If m_ErrorInfo.cRefs = 0 Then _
InterfaceSupportsErrorInfo = E_FAIL
End Function
Private Function IEIGetSource( _
This As ErrorInfo, pBstrSource As Long) As Long
pBstrSource = 0
VBoost.AssignSwap pBstrSource, This.Source
End Function


Most of the lightweight object code shown here is of the cookie-cutter vari-
ety. The lEIGetSource implementation is the only one that includes special han-
dling. pBstrSource is actually a String, but it is declared as a Long and initialized
to 0. You should take this precaution for all String, object, and array parameters
that are flagged as out only in the defining interface. There is no guarantee that
an out-only parameter is initialized with valid data when it is passed to a func-
tion. VBoost.AssignZero is the function of choice for performing this operation
against a pointer type parameter. Lightweight objects should always explicitly
zero out-only parameters before using them.
Since the memory referenced by the out parameter is not initialized, VB
could free invalid data and crash if pBstrSource were declared As String and
then assigned a new value using normal String assignment. In this implementa-
tion, however, I lied about the type of pBstrSource so that I could use a simple
numeric assignment to clear it. The code then steals the current Source value
with VBoost.AssignSwap. In practice, GetSource is called only once, so there is
no reason to hang onto m_ErrorInfo.Source beyond the GetSource call.

Not Supporting Rich Error Information

Although you normally don't have to worry when a lightweight object doesn't
support rich error information, there is one case in which you do. If you return a
failing HRESULT from a vtable call and don't support the ISupportErrorInfo inter-
face, VB holds a reference to the object until the next time an error is raised. I
consider this a bug in VB6. The dangling reference is released during teardown
after all the memory for all modules has been freed. Since all module memory is
gone, all lightweight vtables are gone, and any call to the lightweight object's
vtable will cause a crash.
The easiest way to fix this problem is to ignore it during the lifetime of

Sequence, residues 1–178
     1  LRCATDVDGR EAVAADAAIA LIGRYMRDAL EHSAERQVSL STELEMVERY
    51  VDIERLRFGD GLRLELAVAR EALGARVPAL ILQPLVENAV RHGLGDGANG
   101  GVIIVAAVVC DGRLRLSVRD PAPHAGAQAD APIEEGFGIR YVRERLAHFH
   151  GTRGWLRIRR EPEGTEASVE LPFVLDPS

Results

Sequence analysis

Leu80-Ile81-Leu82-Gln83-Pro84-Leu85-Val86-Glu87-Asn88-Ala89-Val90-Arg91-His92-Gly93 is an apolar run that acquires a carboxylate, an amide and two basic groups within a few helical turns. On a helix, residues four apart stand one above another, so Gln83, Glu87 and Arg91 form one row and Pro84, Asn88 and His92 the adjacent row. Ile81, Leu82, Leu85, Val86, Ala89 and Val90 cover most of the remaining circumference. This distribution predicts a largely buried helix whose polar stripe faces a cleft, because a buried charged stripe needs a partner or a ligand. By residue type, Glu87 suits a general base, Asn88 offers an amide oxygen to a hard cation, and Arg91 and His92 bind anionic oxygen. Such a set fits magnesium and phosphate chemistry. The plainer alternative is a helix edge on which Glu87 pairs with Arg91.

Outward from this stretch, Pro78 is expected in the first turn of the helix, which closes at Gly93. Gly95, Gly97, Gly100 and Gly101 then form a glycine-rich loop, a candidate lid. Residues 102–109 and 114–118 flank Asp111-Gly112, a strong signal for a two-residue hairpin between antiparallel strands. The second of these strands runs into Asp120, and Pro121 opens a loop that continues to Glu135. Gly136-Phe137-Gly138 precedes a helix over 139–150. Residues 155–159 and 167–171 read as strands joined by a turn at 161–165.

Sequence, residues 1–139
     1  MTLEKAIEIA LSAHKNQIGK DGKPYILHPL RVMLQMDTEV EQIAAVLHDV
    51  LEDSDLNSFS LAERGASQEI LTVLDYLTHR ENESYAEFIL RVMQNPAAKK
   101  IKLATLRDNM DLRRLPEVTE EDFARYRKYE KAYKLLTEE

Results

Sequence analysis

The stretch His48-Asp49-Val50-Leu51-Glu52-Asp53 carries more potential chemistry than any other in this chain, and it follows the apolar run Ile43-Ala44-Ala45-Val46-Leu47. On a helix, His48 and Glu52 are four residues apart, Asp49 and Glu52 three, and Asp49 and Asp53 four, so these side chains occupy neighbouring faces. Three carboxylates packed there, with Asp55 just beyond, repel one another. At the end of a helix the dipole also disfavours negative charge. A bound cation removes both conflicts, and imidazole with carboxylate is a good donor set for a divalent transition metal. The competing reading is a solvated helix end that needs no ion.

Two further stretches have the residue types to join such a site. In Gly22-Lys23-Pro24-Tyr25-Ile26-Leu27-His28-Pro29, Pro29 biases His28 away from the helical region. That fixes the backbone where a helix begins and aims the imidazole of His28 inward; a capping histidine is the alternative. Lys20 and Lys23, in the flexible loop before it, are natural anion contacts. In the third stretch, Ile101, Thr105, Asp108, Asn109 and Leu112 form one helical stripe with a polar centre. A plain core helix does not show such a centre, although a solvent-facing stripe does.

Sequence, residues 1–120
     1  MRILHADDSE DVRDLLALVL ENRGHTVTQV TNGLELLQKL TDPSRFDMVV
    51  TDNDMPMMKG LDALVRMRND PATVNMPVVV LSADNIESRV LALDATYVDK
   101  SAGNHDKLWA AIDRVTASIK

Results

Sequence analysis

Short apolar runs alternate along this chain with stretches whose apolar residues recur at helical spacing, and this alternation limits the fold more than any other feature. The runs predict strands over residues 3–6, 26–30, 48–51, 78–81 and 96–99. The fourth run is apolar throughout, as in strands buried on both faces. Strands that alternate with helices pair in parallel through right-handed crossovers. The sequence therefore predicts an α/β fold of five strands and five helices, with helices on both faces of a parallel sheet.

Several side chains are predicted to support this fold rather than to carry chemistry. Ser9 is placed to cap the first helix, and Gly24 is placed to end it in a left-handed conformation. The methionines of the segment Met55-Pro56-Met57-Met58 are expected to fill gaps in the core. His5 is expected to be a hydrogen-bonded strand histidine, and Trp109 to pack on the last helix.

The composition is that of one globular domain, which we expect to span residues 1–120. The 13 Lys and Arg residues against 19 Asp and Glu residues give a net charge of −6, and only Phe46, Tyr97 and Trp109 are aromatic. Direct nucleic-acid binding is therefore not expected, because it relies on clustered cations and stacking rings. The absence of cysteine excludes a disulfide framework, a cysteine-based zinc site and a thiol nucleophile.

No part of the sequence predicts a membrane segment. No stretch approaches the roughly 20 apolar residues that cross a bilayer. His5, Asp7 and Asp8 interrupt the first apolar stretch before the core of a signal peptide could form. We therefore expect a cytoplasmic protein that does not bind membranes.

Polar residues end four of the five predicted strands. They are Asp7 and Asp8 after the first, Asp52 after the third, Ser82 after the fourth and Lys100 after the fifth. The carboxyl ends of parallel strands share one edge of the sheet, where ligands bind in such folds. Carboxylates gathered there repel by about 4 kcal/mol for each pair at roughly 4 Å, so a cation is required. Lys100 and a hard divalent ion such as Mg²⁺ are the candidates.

your project and raise a trapped error during module teardown. I've included
ResetError.Bas with the book to make this process painless. ResetError is a
simple lightweight object with termination code in the Release entry, much like
the HourGlass lightweight. The Release function and a calling code snippet are
shown below. You may want to include this code if you use lightweights and you
find that the built executable crashes sometime during teardown.


'Release function.
Private Function Release(This As ResetError) As Long
On Error Resume Next
Err.Raise 5
On Error GoTo 0
End Function

'Calling code.
Private m_ResetError As ResetError
Sub Main()
InitResetError m_ResetError
'The rest of the program.
End Sub

Aggregating Lightweight Objects

A lightweight object is simply the custom implementation of a specified inter-
face. You often define this interface yourself, but you will also find that external
objects require you to implement specific, defined interfaces. It is not always
possible to implement these interfaces in a VB class module. If you hit this limi-
tation, then you can simply implement the stubborn interface as a lightweight
object and use the aggregation techniques discussed in the "Aggregating Existing
Objects" section of Chapter 5 to merge it into your object.
The IObjectSafety interface is a good example of the type of interface you
can implement with a lightweight object. You can use this code as a template for